The food menus can make for interesting reading as well. One restaurant offers a whale menu and a puffin menu. The fried whale meat seems a paradoxox given that whale watching tours are offered everywhere. Maybe all the paying customers are issued with a harpoon on boarding so they can bring home the spoils for din din. Roast puffin, though, may be worth a try. These birds spend so much time around the ocean that their wings must taste like chicken AND fish.

With fish being about the only food produced locally and almost all fruit and veggies having to be brought in, we were recommended to try the fetid shark, an Icelandic speciality. The shark is left rotting underground for 6 months before cooking it up for the happy diner. I think I'll stick with the puffin.

We haven't had an anecdote of the week for some time, so:

Thermal baths are considered an essential element of the Icelandic experience. I'll leave Penny with the grizzly details but prior to entering the water, one is required to be thoroughly cleansed in the change room showers without swimmers, ie displaying all your birth day glory in communal washrooms. Perhaps I was simply unfortunate with my fellow scrubbers but timing is everything and I felt most inadequate in the company. From here on in, if you want to give someone the ultimate machismo compliment, try:"

"He's hung like an Icelander".

Yeatesy





I am not sure if I am daydreaming, sleepwalking or just plain delirious after 6 nights of perfect daylight!!! The first night (or was it day) was a novelty trying to get to get to sleep at 2am with the sky still blue. There were no streetlights on, why would there be, it was a perfect clear day/night.

By day two, the eyes are stinging and a slow glaze comes over you.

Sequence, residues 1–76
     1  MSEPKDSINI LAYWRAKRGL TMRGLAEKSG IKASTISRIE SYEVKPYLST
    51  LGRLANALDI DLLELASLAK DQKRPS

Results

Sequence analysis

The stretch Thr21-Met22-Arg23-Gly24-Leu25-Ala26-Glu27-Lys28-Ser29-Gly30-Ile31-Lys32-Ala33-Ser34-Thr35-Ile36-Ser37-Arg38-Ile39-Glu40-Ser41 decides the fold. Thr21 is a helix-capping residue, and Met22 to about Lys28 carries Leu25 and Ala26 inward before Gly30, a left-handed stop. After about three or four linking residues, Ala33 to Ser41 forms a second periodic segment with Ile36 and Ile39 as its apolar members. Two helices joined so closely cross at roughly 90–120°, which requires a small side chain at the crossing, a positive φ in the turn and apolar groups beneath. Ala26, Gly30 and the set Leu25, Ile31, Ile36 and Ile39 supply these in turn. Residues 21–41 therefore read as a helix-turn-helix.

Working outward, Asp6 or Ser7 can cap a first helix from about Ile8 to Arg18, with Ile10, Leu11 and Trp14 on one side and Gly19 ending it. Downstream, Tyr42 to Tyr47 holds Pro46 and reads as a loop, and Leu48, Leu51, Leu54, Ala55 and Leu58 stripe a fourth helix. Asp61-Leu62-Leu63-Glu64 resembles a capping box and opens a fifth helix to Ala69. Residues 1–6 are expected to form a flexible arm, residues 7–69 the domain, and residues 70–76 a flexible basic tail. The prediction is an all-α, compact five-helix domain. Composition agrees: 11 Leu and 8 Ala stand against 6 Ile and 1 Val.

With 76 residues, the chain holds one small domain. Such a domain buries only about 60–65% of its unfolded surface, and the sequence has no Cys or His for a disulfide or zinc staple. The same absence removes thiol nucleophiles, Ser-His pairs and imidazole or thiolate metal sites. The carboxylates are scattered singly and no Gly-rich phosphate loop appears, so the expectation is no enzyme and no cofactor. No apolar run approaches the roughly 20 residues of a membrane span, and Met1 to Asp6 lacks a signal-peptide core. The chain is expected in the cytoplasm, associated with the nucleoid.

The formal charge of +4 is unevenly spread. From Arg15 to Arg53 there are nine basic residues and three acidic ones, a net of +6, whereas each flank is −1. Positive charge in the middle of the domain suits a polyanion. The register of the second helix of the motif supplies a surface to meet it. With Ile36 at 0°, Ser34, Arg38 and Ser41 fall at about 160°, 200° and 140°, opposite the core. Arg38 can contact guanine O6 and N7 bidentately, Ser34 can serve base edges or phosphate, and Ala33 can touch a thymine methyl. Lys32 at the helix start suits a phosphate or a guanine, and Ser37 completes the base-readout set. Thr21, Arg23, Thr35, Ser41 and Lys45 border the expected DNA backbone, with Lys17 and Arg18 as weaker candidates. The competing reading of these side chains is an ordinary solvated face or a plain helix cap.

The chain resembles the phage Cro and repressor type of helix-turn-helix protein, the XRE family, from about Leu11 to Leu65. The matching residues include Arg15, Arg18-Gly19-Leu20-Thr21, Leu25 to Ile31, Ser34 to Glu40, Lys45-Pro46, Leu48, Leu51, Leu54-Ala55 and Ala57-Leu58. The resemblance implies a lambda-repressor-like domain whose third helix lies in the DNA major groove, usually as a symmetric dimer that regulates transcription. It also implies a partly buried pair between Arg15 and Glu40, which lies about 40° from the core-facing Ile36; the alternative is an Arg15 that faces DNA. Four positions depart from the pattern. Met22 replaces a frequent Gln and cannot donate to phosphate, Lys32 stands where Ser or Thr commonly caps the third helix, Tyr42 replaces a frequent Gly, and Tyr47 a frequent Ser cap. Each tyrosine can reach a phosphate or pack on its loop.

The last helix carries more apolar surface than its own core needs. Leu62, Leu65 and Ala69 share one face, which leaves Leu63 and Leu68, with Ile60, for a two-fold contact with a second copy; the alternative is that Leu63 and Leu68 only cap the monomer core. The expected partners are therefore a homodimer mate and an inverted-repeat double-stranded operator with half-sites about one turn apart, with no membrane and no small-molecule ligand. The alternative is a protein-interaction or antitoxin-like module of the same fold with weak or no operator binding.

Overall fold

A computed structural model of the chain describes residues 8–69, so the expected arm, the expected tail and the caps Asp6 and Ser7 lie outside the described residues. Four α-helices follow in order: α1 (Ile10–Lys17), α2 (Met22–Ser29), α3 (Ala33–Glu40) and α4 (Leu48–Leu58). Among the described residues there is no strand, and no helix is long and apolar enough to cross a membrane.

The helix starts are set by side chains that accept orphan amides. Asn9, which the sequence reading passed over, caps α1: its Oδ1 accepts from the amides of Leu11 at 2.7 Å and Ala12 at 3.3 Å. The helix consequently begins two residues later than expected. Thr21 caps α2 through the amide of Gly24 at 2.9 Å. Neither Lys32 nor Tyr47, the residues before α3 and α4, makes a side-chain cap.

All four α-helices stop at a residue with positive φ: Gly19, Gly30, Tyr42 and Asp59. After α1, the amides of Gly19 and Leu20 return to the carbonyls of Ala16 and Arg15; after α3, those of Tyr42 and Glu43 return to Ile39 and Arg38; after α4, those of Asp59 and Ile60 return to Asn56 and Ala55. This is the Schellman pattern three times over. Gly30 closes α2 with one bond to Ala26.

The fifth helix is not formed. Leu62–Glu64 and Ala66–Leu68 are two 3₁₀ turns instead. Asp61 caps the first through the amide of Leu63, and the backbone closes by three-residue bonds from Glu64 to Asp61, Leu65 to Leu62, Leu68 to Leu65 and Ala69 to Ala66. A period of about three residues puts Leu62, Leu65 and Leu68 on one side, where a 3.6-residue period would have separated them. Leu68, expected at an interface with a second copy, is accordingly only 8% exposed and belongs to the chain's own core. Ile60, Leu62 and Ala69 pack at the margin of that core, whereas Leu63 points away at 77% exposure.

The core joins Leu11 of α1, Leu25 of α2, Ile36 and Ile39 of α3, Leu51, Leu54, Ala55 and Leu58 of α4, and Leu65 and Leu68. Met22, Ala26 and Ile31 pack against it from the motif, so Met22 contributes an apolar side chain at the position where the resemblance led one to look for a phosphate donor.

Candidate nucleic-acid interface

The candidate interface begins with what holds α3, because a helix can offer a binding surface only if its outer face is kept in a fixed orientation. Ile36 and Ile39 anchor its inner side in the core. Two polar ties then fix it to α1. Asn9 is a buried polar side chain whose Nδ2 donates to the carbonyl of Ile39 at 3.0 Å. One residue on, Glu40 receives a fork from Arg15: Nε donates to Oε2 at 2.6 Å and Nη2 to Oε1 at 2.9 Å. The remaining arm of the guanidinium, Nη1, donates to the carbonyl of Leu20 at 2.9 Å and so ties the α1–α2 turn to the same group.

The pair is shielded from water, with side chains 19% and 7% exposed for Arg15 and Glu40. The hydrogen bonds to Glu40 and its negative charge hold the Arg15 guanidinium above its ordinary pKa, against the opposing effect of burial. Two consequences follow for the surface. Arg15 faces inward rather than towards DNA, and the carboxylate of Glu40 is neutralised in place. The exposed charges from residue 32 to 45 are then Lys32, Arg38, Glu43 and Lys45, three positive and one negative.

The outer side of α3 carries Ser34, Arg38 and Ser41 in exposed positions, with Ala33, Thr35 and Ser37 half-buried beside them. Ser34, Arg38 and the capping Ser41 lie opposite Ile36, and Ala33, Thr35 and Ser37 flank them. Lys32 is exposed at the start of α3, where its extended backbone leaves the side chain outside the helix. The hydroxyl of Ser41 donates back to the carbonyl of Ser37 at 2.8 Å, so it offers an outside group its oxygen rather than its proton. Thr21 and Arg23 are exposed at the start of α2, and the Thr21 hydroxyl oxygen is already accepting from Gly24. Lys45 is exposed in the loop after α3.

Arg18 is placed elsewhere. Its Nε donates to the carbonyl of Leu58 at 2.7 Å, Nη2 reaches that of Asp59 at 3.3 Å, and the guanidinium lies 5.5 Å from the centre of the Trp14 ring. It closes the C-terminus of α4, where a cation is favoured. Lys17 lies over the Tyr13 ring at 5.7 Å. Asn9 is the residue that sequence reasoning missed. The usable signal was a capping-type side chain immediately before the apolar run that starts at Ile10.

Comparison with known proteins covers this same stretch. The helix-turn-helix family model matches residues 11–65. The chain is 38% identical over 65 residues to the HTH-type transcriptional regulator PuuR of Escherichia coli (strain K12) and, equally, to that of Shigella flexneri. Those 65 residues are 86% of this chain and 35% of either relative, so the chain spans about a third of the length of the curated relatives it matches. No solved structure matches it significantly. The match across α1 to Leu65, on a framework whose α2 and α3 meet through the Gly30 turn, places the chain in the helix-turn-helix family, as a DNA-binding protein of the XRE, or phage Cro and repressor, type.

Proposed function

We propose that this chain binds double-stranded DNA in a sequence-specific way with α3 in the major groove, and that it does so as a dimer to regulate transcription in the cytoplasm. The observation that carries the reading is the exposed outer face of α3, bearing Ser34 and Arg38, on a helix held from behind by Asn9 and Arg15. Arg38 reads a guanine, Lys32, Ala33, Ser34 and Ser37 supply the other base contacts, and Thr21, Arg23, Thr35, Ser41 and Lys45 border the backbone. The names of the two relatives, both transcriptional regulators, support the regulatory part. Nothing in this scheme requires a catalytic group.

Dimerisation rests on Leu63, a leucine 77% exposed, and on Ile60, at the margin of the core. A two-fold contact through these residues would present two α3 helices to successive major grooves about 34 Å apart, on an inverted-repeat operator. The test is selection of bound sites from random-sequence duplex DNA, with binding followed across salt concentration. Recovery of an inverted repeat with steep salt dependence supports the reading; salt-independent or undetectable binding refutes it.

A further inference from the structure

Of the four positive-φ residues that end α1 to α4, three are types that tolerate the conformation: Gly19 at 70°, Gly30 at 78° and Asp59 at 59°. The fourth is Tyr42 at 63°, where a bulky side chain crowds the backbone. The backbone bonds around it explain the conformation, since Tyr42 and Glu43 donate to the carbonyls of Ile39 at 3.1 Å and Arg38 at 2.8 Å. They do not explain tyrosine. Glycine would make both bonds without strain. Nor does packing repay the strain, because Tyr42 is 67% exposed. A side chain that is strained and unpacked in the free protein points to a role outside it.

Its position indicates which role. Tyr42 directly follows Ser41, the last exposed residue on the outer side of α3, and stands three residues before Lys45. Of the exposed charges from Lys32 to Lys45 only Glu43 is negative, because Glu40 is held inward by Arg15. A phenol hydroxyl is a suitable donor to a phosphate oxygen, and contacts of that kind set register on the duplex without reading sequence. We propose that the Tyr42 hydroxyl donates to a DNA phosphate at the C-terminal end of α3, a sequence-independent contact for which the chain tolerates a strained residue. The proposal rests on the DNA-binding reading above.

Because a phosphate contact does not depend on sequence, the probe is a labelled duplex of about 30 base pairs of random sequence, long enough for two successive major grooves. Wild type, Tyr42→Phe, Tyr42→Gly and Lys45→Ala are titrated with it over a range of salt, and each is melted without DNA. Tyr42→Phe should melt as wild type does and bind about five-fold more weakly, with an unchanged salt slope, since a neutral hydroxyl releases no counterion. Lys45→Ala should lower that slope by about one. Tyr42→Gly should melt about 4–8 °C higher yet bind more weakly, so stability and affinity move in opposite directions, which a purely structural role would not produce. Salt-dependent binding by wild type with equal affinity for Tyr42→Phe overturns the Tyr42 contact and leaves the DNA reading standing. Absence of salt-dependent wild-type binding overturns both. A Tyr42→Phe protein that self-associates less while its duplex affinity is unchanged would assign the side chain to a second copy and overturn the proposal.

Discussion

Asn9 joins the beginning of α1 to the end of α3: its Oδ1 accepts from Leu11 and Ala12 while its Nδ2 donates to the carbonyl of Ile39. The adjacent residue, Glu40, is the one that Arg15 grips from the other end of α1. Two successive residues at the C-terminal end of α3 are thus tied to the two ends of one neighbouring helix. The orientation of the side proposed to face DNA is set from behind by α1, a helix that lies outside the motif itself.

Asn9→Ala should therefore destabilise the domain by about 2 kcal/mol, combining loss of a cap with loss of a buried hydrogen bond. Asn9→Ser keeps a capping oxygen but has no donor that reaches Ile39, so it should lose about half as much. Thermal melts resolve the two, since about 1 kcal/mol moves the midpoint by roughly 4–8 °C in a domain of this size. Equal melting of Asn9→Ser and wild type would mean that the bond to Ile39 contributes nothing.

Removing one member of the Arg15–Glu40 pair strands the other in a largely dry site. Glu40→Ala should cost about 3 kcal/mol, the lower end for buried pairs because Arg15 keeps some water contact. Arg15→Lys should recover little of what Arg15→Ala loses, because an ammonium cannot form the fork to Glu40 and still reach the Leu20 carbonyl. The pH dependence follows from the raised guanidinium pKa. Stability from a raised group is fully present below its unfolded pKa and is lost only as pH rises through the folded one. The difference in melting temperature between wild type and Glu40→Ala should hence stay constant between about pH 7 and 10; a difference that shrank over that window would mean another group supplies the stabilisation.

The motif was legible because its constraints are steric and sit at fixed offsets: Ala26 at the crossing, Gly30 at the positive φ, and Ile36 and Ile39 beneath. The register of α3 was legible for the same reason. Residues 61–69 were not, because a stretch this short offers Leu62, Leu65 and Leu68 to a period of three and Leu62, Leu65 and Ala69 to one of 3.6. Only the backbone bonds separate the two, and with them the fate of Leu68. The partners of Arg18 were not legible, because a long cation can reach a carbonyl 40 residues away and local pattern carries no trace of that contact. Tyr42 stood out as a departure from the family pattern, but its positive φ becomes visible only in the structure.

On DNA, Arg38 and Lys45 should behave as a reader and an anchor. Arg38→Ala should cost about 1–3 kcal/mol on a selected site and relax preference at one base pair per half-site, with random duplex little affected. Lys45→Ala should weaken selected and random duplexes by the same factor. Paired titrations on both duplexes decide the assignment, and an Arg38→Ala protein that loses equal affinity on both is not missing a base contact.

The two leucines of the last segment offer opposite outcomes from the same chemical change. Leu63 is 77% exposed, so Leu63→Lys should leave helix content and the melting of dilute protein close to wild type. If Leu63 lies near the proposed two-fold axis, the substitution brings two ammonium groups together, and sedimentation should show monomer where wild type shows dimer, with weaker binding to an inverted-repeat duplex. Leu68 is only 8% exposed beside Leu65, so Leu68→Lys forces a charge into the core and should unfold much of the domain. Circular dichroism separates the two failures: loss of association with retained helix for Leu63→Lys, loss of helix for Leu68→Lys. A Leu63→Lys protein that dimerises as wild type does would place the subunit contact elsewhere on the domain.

Day 3, something had to give, we were feeling comatosed, we really needed a good NIGHT sleep. In my book, night is exactly that, night. So a bit of McGyvering. I sticky taped our blind to the wall in an attempt to block some of the daylight. 60 percent effective. Added to this is my trusty sarong over the top of the blind, bingo. We have a dark room, and we both slept the best we had in days.

With our beauty sleep taken care of, we wanted to experience the thermal pools that everyone, even the flight attendants, had spruiked as a "must do" in Iceland. We didn't want to go to the touristy 'Blue Lagoon' but rather to experience the thermal pools the same as the locals, so we chose instead a local pool within close proximity to where our apartment is.

I guess I should have suspected we were out of our depth when the girl on the front desk ( identifying us as tourists) said in a very polite manner, make sure you shower without your clothes on first. Yes, of course I shower without my clothes on!! We are now in Europe Penny, pools work differently here, but I just wasn't sure of the protocol. Everything was written in large letters. Large Icelandic letters. Walking into the change room, there were rows of nude women of all ages, shapes and sizes. Grandma, mum, daughters and school friends all stripped off naked chatting amongst themselves. Added to that they were all walking to communal showers, leaving everything behind. It felt like the round up in Austwitz when the men and women were separated, then told to strip and leave their clothes and walk towards the showers. They didn't know they were going to the gas chambers.